“So what did you guys do this morning?” I asked my four-year-old granddaughter. I’d just arrived for my afternoon of babysitting, relieving my husband who’d done the morning shift. The kids had greeted me at the door. I love that they’re excited to see me. I’m enjoying the time until they’re old enough to realize I’m just a boring old lady who can’t hear very well.
“We went to the coffee shop!”
“Yeah, coffee shop,” her two-year-old brother chimed in as he busily opened and closed his sister’s animal-print umbrella. First I could see him, then I couldn’t, then I could, then I couldn’t.
“Did you have a snack?” I asked.
“Yes. I had a magic chocolate bar,” said my granddaughter. She spun around as she talked, some wisps of her dark brown hair falling over her equally dark eyes.
“I had a magic chocolate bar, too,” my grandson announced, proudly showing off his new ability to form complete sentences.
“Why is your umbrella out?” I asked my granddaughter.
“We took it in the stroller, coz it was pouring rain,” she replied.
“Oh, really?” I pictured an umbrella shakily held over the stroller, most likely not covering either child.
“Yes, and we also brought the water-table umbrella,” she added.
This seemed odd. While that shade umbrella was a favorite plaything, and served several purposes like a handy sword, a tent, or a battering ram, to my knowledge it had never left our grandchildren’s backyard.
“Is your brother allowed to play with your umbrella?” I asked. At one time, their parents had not allowed indoor play with umbrellas because they preferred their children to keep their facial structures intact. I wasn’t sure if that rule had been relaxed yet.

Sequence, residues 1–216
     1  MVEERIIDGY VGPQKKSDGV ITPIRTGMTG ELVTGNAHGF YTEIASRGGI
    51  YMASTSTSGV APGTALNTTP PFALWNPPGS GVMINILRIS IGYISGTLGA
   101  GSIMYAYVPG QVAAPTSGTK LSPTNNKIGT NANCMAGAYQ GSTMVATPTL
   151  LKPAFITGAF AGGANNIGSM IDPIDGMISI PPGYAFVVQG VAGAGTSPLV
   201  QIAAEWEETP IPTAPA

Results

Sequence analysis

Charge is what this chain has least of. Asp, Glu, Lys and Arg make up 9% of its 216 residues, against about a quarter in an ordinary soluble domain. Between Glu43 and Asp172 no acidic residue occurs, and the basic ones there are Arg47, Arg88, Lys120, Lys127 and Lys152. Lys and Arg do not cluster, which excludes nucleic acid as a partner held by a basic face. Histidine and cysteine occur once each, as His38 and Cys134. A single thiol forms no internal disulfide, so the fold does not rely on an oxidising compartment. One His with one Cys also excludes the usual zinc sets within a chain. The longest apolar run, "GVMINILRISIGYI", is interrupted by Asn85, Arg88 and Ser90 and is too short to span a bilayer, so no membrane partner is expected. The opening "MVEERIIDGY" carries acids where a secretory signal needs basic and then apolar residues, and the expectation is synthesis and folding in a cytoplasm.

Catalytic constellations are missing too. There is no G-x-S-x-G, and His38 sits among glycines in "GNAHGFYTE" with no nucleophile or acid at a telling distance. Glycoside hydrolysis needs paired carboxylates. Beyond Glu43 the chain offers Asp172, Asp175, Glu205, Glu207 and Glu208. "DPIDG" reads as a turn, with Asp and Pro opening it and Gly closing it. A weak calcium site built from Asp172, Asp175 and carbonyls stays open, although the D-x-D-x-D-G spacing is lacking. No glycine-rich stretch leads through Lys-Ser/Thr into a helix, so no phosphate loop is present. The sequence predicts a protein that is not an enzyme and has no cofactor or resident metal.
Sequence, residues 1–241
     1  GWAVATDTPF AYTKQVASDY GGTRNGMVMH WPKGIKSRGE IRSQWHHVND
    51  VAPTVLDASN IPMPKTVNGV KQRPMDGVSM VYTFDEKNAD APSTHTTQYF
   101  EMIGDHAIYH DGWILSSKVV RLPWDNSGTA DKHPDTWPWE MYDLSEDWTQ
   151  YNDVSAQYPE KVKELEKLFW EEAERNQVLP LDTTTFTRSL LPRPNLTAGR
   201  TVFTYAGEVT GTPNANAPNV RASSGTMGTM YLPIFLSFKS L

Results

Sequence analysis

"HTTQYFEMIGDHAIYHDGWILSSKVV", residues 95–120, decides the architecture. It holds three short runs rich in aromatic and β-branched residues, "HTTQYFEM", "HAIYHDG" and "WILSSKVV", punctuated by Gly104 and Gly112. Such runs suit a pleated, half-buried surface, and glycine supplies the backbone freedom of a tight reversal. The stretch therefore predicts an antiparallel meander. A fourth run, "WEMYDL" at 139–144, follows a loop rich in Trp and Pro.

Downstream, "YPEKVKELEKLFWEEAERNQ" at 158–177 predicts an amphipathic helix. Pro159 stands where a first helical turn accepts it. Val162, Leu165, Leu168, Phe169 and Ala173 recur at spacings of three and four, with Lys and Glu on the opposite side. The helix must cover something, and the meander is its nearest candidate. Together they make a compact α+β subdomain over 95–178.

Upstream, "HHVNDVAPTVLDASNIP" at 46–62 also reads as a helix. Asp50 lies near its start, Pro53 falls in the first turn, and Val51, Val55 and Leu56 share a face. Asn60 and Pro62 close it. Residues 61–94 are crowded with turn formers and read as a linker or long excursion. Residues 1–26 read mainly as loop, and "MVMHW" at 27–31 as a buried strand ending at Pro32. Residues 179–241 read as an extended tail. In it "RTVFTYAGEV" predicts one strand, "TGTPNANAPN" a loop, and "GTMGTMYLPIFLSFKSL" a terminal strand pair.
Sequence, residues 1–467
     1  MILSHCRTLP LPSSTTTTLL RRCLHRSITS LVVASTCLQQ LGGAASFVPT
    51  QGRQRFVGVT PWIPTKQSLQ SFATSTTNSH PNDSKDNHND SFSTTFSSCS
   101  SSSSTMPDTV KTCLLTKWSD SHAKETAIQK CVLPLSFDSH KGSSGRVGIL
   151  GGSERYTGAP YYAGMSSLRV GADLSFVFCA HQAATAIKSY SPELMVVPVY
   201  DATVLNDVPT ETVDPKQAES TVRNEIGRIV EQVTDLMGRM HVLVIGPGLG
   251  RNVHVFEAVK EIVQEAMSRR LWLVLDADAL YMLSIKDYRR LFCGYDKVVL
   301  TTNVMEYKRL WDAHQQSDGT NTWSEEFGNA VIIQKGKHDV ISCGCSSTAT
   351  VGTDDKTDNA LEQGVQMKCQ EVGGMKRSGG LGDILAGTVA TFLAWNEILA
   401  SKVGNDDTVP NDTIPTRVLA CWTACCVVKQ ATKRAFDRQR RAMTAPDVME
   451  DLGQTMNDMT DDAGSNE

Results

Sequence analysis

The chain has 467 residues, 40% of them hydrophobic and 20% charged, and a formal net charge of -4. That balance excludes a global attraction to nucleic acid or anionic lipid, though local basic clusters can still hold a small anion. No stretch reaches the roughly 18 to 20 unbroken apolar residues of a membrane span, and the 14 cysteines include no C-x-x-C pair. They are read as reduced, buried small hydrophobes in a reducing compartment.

“Oh, sure, it’s fine,” she said.
“Yeah, it’s fine,” echoed her brother, his eyes big and blue and innocent.
I hung up my coat and purse and followed the kids into the house. My husband was just finishing lunch.
“You realize that not a single word of that entire conversation is true,” he said. “We didn’t go to the coffee shop, We did go out, but the kids were on their bikes, not the stroller. We just went up the sidewalk.”
“So there was no magic chocolate bar?”
“Did you bring umbrellas with the bikes?”
“No umbrellas, certainly not the water table one. And, no, they’re still not allowed to open the umbrella indoors.”
“Did it rain over here?” It had been dry all morning at our house, eight miles to the east.
“Not a drop.”
As I think back on this interchange, I’m fascinated by the different perspectives on reality. Our grandchildren aren’t purposefully dishonest. They didn’t huddle together to plan a fake story to tell Grandma. I think our granddaughter just wanted to tell me about the events she wished had happened. While she enjoys going out on her bike, she loves the coffee shop more. It has enough toys to fill a small toy store, and a cozy corner where she can play to her heart’s content. The sweet snack her grandfather buys just adds to the special bliss.
Kids aren’t the only people who have varying perspectives on truth. I’ve been in numerous work meetings where everyone comes out with a different take on what occurred, usually reflecting what they wanted going in to the meeting. I’ve learned to send emails after meetings to document my understanding of what was decided. On occasion, I’ll decline a face-to-face in favor of an email exchange so I can have documentation of decisions.
Writing personal narrative such as memoirs or essays brings a whole new dimension to the idea of truth. While we’re taught to tell the truth in our writing, that truth is always going to be interpreted through additional experiences of time. We forget. We interpret. We embellish. We make things better or worse or more interesting than they really were. Indeed, the little vignette I presented at the beginning of this blog just occurred yesterday, and yet I’ve probably distorted it considerably. If I ask my granddaughter what she remembers about it, she’ll probably tell me that we talked about one of her most recent passions, like Greek mythological creatures, or Elsa from the Frozen movie, or dinosaurs. And her story will be much more interesting than mine.